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Bob Wilber

Throughout his long career, clarinetist and saxophonist Bob Wilber worked to keep classic swing and pre-bop jazz alive. Influenced by Sidney Bechet, Benny Goodman, and Johnny Hodges, Wilber developed his own distinctive sound, one he first showcased in the '40s and '50s with his Wildcats, and later on albums like 1960's Blowin' the Blues Away and 1974's Soprano Summit featuring Kenny Davern (with whom he would work often). He garnered the respect of veteran performers, working with legends like Wild Bill Davison, Muggsy Spanier, Pee Wee Russell, George Wettling, and others. He moved into film work, supplying the soundtrack to Francis Ford Coppola's 1920s jazz drama The Cotton Club. He also authored his memoir, 1987's Music Was Not Enough, and recorded regularly with other traditional jazz luminaries, releasing albums like 1977's Bob Wilber and the Scott Hamilton Quartet and 2010's Bob Wilber Is Here! with Bucky Pizzarelli, Nicki Parrott, and Antti Sarpila. Based out of his adopted home of England, Wilber was active well into his eighties, appearing live at festivals before passing in 2019. Born in New York City in 1928, Wilber starting playing jazz in his teens, often sitting in at Jimmy Ryan's. He formed his first band in high school, a group that included pianist Dick Wellstood. Early on he became Sidney Bechet's protégé and led his own young group, the Wildcats, with whom he released several early albums, including 1949's Bob Wilber & His Jazz Band and 1951's Young Men with Horns. The close association with the dominant Bechet led Wilber to develop his own creative voice. He studied with Lennie Tristano and formed the Six, a group that tried to modernize early jazz, a sound heard on 1955's The Six. When that ended, he played Dixieland with Eddie Condon, and in 1957 joined Bobby Hackett's band for a year. Wilber freelanced throughout the 1960s, working with Ralph Sutton and releasing such albums as Blowin' the Blues Away (with trumpeter Clark Terry) and New Clarinet in Town. In 1968 he became a founding member of the World's Greatest Jazz Band alongside Bob Haggart and Yank Lawson. A year later he paid tribute to one of his idols with The Music of Hoagy Carmichael. Along with his continued work with the World's Greatest Jazz Band, he formed Soprano Summit in 1973 with clarinetist Kenny Davern. One of the top swing-oriented groups of the decade, Soprano Summit released a handful of well-regarded efforts, including 1974's Soprano Summit I, and played numerous live concerts. Also during the '70s, Wilber teamed up with his wife, singer Pug Horton, in Bechet Legacy (which also featured either Glenn Zottola or Randy Sandke on trumpet). The '80s were a fruitful decade for Wilber, who (having relocated to England) performed often with a bevy of traditional and repertory ensembles, releasing such albums as 1981's Music of King Oliver, 1982's Ode to Bechet, and 1983's Reflections. He also supplied the soundtrack to Francis Ford Coppola's 1920s Harlem-based drama The Cotton Club, and in 1987 authored his frank memoirs, Music Was Not Enough. The following year, he led a band at Carnegie Hall to celebrate the 50th anniversary of Benny Goodman's famous concert. In 1990, Wilber again collaborated with Davern for Summit Reunion, and subsequently followed up with several of his own efforts, including 1994's Dancing on a Rainbow, 1995's Bean: Bob Wilber's Tribute to Coleman Hawkins, and 1996's Nostalgia on the Arbors label. He then honored legendary arranger Fletcher Henderson with 2000's Fletcher Henderson's Unrecorded Arrangements for Benny Goodman and joined vibraphonist Dany Doriz for 2002's Memories of You: Lionel and Benny. He continued to tour and record over the next several years, appearing with Soprano Summit and releasing 2010's Bob Wilber Is Here! with Bucky Pizzarelli, Antti Sarpila, Nikki Parrott, and others. He then joined fellow reed players Sarpila and Pieter Meijers for 2012's The Three Amigos, and the following year joined pianist Bill Charlap's trio and clarinetist Anat Cohen at the Newport Jazz Festival. Wilber died at his home in Chipping Camden, England on August 4, 2019. He was 91 years old.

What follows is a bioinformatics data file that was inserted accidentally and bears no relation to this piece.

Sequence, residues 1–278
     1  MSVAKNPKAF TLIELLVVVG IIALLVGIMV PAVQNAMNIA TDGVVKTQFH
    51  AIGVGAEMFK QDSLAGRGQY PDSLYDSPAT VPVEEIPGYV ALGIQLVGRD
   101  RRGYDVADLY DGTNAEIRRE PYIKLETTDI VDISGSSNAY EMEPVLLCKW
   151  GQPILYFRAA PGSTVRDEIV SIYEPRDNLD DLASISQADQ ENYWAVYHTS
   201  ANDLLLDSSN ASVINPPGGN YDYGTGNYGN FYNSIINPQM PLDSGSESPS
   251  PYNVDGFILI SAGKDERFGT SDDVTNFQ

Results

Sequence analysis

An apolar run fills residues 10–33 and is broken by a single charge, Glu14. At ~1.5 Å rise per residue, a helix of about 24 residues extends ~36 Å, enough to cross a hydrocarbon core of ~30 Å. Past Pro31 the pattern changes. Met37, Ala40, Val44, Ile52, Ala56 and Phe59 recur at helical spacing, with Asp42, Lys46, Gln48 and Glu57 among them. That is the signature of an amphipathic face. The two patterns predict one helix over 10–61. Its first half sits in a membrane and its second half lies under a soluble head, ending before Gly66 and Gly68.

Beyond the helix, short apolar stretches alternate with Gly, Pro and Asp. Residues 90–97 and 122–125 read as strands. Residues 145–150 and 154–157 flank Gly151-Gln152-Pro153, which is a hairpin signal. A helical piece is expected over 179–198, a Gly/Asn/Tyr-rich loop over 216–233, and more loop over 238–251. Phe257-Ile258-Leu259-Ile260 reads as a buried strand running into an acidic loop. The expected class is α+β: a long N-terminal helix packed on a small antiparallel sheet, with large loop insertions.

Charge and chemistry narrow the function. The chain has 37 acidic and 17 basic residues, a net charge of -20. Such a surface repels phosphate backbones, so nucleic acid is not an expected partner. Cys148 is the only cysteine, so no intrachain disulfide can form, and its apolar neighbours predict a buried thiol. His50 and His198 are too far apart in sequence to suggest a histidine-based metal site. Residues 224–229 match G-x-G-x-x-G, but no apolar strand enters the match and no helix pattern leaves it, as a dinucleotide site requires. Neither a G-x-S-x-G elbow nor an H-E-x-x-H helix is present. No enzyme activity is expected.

© Scott Yanow /TiVo
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